The Abominable Dr. Phibes (UK/US 1971, 94m)
Dr. Phibes Rises Again (UK/US 1972, 89m)
Both from American International Pictures
Original certificate: X, currently rated 15
In this double bill, Dr Anton Phibes (Vincent Price) starts off by seeking revenge on the medical professionals he holds responsible for the death of his wife (an uncredited Caroline Munro). Aided by his accomplice Vulnavia (Virginia North/Valli Kemp), he starts to bump them off in murders based on the Ten Plagues Of Egypt. Is chief surgeon Dr. Versalius (Joseph Cotten) being saved for last?
In the second installment, Phibes heads to Egypt in search of the secret of eternal life itself! Can he get there before rival Darrus Beiderbeck (Robert Quarry), and wipe out his expeditionary team?
Make no mistake, the Dr. Phibes films are quite unlike anything else in British horror, or elsewhere on planet Earth come to think of it. They both draw from their star's past (think House Of Wax, The Mad Magician) whilst also providing a dry run for his tour-de-force Theatre Of Blood. However, that latter masterpiece still seems decidedly earthbound in comparison with this pair, both ably helmed by Robert Fuest.
Sure, they both require massive suspensions of disbelief at times, but then it could be argued that they inhabit their own universe anyway, a strange netherworld which feeds 1920's England through an art-deco filter and embraces the dying embers of the swinging UK captured in The Avengers. There's certainly more than a touch of that series (on which Fuest worked) in the style and execution of the doctor's diabolical plans, not to mention the look and feel of the productions as a whole.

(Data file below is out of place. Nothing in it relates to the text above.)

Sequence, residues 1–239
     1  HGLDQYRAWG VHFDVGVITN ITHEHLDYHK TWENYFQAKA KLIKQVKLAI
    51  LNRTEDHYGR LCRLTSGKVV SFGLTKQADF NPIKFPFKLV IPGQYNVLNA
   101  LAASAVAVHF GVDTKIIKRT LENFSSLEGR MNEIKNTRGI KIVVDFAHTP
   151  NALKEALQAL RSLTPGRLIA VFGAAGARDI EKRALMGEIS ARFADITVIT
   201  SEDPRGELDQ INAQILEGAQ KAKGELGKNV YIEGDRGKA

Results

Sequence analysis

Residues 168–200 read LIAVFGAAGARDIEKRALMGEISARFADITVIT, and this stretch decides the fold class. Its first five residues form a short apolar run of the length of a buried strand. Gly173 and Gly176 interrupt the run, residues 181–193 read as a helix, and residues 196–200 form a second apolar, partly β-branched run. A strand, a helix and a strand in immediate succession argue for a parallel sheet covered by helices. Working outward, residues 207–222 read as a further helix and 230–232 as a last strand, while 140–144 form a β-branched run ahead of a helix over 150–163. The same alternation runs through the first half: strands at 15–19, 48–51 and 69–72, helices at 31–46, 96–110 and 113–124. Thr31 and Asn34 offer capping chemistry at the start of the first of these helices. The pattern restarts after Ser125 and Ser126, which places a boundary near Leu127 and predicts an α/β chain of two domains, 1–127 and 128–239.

It all provides a most unusual setting for the murders, ranging from animal attacks to deaths by mechanical contraptions. You can't help but wonder what influence they may have had on the Saw movies, whose whole raison d'etre isn't exactly a million miles away from this pair.
Price is excellent as usual, but this is actually quite a different performance from him. The doctor is unable to use his mouth, speaking through an amplification device, and Vincent acts the part entirely mute, overdubbing his lines later. The effect is quite disarming, adding a surreal dash to proceedings.
This is a fine duo of gruesome, yet laugh-packed films which feature sterling support from some of Britain's finest talents. If not quite the absolute pinnacle of Price's career, they're not far off and rank with his finest works.
9.5/10 - The Abominable Dr. Phibes
9/10 - Dr. Phibes Rises Again
Blu-Ray Notes: One of Arrow's most elaborate efforts, with two custom card cases and a beautifully rendered book, housed inside a textured case reproducing the first film's famous poster art. There are commentaries from director Fuest, creator William Goldstein and film historian Tim Lucas spread across the set, recollections from Price's daughter Victoria, plus thoughts on the film from The League Of Gentlemen. The book is a real treat, full of new writing on the films, their music and the story of American International's short lived but notable UK branch, whilst Tim Burton shares his appreciation and Caroline Munro reveals exactly why she was uncredited...
The HD transfer does show up the low budget nature of the films, but in a rather endearing way, the set design making a virtue out of necessity. Vincent Price fans are being spoilt indeed. You really need this, but be quick - this edition is limited to 3,000! Comedy Of Terrors and The Haunted Palace are promised next...
Trailer - The Abominable Dr. Phibes:
Trailer - Dr Phibes Rises Again: